It’s one of life’s most frustrating ironies that Earth’s surface is over 70 percent water, but most of that is undrinkable. Desalination is an important technology that may help unlock more drinking water, and now two independent teams have developed new types of solar-powered desalination systems using very different mechanisms.

The first of the two new designs comes from researchers at MIT and Shanghai Jiao Tong University. The team says the multilayer system has an impressive overall efficiency of 385 percent, producing as much as 5.78 L (1.52 gallons) of clean water per square meter of solar-collecting area, which is more than twice the amount produced by similar systems.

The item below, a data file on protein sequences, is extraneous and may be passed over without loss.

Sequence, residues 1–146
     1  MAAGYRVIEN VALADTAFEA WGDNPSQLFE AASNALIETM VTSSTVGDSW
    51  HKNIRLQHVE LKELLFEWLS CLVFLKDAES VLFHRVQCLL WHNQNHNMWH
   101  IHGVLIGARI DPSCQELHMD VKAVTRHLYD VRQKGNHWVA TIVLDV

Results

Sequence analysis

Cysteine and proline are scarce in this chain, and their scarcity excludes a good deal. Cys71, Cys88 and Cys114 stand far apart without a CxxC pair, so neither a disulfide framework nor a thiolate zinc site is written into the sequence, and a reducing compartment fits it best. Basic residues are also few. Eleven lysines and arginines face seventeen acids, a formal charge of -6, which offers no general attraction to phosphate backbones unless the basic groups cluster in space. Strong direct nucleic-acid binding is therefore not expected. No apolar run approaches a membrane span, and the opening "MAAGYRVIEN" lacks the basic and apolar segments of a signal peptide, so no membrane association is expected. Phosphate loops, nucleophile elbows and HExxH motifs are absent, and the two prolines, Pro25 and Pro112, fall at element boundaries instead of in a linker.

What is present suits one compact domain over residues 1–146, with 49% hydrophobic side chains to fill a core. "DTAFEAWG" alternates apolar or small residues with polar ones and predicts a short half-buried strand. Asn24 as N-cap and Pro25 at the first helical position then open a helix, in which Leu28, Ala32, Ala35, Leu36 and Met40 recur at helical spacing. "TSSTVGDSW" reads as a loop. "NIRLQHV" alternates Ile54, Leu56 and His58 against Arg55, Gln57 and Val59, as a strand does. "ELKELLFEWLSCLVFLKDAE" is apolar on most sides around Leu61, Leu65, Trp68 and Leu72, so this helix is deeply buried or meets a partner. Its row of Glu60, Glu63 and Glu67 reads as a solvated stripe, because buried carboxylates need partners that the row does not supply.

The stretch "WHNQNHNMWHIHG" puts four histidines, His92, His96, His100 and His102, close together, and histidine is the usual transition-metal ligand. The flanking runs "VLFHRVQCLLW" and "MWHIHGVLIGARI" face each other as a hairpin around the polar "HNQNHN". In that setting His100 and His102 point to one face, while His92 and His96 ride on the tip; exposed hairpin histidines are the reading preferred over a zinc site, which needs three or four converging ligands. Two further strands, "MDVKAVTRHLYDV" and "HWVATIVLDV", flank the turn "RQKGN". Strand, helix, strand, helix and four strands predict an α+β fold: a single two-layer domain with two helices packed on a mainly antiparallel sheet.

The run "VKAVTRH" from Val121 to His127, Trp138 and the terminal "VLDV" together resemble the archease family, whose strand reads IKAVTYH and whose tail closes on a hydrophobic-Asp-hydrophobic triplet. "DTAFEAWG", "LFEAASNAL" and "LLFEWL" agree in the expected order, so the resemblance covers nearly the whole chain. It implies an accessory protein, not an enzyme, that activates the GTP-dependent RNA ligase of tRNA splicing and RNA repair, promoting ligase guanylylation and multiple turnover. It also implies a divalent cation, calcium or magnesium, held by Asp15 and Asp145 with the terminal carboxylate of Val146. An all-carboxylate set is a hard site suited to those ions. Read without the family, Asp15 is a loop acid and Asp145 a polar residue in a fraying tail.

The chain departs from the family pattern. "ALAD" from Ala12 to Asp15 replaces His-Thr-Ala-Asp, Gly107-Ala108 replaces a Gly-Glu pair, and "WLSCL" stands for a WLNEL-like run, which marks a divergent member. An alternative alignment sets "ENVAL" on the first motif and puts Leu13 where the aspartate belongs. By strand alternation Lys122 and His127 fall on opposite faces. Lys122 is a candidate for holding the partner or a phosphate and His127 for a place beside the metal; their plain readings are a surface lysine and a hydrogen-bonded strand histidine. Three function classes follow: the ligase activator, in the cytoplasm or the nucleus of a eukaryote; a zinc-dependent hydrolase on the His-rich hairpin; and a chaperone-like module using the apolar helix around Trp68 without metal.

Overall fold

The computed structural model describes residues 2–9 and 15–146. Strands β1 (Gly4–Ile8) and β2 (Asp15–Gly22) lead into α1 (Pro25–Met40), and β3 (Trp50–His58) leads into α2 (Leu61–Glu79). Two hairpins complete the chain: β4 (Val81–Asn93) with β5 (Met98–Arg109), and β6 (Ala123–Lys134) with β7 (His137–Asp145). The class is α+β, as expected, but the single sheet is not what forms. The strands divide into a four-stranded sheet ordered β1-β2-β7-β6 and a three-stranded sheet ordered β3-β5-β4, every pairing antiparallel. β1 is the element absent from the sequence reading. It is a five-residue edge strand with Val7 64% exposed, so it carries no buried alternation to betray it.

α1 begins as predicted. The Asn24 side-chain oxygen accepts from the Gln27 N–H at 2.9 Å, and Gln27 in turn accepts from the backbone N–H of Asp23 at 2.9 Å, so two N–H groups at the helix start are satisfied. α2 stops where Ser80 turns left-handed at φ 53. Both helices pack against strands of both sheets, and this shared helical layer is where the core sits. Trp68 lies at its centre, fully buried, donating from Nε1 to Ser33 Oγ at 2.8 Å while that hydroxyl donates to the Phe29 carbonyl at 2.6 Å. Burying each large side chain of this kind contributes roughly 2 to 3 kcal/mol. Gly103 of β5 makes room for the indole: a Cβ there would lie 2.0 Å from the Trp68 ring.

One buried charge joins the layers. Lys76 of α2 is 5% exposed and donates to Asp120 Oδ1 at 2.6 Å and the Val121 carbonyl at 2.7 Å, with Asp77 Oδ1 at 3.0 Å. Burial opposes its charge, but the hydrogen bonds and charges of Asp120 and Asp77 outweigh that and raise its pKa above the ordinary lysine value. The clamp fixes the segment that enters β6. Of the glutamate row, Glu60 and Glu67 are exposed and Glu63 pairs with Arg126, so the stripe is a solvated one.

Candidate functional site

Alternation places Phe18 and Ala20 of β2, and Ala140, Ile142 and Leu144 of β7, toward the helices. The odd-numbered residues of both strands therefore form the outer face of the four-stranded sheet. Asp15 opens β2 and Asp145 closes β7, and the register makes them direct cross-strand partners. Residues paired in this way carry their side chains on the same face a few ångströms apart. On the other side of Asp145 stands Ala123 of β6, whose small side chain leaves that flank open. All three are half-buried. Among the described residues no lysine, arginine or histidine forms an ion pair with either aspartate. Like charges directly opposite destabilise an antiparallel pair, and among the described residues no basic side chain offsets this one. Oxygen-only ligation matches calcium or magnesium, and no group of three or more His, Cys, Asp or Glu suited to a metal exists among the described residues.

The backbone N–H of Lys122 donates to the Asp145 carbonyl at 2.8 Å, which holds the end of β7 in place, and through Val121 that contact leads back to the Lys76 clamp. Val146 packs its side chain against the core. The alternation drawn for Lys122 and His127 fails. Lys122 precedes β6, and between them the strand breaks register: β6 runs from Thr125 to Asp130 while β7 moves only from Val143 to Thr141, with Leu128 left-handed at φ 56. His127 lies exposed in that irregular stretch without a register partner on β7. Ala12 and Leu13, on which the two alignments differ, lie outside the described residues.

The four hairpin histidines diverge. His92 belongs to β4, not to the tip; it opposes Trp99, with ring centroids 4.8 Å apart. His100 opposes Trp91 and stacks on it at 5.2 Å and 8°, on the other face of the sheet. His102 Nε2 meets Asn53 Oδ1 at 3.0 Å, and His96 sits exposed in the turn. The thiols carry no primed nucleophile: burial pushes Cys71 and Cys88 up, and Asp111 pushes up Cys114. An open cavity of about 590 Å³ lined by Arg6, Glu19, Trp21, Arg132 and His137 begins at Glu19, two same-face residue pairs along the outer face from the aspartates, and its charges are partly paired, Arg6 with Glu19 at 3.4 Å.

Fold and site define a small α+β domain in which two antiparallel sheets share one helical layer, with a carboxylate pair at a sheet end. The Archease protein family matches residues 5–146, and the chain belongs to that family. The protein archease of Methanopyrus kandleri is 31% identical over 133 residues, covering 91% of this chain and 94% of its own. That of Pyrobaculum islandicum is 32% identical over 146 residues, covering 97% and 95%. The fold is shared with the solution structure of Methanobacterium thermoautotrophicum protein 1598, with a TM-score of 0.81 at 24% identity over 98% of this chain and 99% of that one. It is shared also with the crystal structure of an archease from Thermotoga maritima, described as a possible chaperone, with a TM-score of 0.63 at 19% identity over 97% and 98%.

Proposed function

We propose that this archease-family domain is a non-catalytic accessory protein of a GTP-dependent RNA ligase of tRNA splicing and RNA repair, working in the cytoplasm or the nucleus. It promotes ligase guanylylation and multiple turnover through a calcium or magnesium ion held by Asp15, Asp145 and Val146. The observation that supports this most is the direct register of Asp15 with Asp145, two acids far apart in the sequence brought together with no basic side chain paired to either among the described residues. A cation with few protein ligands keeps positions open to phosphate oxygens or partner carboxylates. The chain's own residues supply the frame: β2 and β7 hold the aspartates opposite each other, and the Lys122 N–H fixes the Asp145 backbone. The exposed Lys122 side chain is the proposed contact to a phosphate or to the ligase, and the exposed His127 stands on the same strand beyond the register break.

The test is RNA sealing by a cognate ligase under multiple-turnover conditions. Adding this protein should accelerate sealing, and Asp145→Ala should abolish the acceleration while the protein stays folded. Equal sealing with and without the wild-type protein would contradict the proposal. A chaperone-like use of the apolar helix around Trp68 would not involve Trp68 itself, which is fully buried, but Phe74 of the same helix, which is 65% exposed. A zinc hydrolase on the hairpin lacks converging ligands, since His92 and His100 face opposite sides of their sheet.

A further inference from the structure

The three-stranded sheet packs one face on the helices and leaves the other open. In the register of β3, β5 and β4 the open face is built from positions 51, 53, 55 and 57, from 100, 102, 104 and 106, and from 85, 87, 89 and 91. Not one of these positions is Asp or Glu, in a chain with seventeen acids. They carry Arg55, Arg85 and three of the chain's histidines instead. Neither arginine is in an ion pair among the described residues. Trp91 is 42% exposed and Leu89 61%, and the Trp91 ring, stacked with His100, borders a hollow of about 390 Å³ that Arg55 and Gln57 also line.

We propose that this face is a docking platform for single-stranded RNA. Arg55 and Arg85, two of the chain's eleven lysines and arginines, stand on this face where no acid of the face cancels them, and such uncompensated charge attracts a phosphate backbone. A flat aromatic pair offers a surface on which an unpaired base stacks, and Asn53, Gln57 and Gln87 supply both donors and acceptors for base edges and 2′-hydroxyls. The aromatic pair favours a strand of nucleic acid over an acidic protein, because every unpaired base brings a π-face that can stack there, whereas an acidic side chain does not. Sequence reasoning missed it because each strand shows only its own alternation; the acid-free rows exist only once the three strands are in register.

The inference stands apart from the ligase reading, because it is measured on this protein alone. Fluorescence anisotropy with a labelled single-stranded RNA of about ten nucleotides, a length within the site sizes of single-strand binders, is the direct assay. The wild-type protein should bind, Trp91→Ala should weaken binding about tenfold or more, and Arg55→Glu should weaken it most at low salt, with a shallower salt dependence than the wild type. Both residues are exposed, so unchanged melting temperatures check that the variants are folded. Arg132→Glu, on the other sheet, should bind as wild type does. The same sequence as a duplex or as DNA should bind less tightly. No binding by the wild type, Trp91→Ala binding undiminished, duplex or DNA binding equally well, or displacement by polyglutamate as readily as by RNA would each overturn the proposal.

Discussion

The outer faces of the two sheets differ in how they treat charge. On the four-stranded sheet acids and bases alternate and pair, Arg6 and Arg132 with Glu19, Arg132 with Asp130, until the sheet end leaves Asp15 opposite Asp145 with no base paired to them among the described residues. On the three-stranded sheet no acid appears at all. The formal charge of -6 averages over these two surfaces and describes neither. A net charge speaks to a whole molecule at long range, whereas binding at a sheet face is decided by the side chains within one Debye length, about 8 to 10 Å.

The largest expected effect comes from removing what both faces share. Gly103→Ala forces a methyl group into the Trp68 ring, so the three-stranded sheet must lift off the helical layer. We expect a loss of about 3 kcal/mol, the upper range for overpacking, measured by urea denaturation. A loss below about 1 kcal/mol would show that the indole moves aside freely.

Each of the layers, arranged vertically, has an important role to play in the process. First, there’s a transparent insulating layer that lets sunlight through to a black, heat-absorbing layer. That in turn passes the heat onto several layers of wicking material, which have sucked the water up from below. The water evaporates out of that layer and strikes another surface, where it condenses and drips off to be collected.